I like old technology. It captures the spirit of an era. Last mid-century was filled with typing -- which provided employment to many women in the workplace. From 1930-1970 companies hired scores of young unmarried women to type; huge rooms were filled with them. Manual typewriters are noisy and the clacking in those rooms was deafening. Professional typists had to meet a minimum number of words without error. Correcting errors was an ordeal so accuracy was prized.
There were many odd conventions which, today, amuse me. For example, early typewriters saved keys by not having a key for a character that could be created by another one. E.g., many lacked a key for the number one which was created by typing a lower-case L; many lacked a key for the number zero which was created by typing an upper-case O; many lacked exclamation points which were created by typing a period, backspacing and typing an apostrophe over it; many lacked the symbol for cents which was created by typing a lower-case C, backspacing and typing a slash through it.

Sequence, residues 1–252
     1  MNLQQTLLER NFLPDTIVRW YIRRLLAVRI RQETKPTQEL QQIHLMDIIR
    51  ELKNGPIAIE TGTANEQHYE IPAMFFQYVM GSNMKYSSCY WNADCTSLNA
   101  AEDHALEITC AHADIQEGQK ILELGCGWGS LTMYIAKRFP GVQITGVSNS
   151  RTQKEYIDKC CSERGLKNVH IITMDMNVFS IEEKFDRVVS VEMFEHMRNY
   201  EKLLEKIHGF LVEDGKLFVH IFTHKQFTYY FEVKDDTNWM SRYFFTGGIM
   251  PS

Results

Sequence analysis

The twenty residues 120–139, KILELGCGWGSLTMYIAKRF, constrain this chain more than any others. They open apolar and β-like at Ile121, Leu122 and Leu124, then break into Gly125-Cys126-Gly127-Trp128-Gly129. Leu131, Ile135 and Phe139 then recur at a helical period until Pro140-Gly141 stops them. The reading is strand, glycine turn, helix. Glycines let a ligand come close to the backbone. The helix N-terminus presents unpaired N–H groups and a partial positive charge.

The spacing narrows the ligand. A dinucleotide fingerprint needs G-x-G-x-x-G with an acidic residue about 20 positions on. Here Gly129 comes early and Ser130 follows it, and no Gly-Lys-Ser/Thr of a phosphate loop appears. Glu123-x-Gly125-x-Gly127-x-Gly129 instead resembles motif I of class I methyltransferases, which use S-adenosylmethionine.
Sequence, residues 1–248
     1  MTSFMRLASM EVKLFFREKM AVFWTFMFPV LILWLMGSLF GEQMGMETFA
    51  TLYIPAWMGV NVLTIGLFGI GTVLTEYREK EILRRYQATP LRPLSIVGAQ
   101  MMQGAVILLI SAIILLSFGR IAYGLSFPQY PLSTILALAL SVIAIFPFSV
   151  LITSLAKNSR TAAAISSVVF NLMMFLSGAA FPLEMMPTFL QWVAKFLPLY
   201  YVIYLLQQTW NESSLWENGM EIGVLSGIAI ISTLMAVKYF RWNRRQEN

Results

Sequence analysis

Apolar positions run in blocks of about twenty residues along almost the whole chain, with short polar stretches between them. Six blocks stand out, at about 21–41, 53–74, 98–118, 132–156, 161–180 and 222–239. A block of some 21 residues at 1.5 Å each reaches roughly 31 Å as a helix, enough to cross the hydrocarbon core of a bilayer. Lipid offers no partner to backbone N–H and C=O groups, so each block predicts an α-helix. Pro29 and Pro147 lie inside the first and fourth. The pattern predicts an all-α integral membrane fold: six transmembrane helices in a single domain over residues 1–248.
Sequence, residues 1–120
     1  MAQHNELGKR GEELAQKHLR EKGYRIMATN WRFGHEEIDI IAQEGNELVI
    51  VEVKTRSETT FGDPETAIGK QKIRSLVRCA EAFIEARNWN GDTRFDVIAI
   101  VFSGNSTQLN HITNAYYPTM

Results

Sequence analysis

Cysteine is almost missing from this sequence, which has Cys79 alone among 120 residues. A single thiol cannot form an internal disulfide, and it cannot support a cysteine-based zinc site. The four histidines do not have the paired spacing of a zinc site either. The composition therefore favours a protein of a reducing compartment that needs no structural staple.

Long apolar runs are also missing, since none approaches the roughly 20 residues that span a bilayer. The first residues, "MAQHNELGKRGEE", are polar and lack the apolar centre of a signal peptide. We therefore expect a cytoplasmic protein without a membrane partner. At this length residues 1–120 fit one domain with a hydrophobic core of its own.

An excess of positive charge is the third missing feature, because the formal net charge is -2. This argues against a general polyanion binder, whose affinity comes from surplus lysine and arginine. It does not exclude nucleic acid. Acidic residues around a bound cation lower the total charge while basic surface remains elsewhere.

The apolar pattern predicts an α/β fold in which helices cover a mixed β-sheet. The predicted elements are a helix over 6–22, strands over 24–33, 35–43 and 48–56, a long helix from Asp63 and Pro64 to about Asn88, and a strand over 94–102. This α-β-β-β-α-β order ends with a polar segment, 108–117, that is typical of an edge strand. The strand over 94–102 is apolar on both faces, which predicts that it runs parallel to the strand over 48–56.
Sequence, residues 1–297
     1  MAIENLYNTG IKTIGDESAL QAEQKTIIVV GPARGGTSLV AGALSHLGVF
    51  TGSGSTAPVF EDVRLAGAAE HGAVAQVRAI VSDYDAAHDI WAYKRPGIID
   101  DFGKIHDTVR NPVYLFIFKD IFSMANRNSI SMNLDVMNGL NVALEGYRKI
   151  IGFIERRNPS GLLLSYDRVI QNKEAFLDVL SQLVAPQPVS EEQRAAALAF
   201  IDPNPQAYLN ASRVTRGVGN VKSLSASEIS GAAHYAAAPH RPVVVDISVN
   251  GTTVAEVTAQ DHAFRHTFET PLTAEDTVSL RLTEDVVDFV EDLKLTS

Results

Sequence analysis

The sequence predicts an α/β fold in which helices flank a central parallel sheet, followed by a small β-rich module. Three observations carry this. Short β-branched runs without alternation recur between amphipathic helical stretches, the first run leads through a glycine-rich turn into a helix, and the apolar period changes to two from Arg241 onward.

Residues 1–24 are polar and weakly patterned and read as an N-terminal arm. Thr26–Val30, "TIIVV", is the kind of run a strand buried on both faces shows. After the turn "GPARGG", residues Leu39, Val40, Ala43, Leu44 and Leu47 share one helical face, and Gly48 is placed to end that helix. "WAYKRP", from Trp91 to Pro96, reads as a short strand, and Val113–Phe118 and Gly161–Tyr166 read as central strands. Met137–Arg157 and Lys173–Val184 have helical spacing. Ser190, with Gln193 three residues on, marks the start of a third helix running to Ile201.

When I was in high school, you were allowed to submit handwritten work but you got better grades if you went to the trouble of typing your reports. In college, everyone was required to submit typed work. Many students couldn't type so they had to pay or beg other students to do it for them. It was possible to make good money off of this skill back then.
Whether you realize it or not, the design of current computer keyboards follows early typewriters. An example: the first typewriters didn't have both upper and lower case letters but only one of them; later machines had two separate sets of letters for both upper and lower cases; finally the "shift" key was invented to require only one set of letters which could shift between upper and lower case by holding down a shift key with your pinkie. The "Caps Lock" on your computer today is a direct descendant of the shift key, as is the whole QWERTY arrangement of letters on your keyboard.
I'd like to buy a few vintage machines both to use and display. They're getting harder to find and ironically more expensive. Until ten years ago, sellers couldn't give them away; old manuals were considered worthless but now people like myself are interested in collecting them. Prices are rising.
Have you used a typewriter? Electric or manual?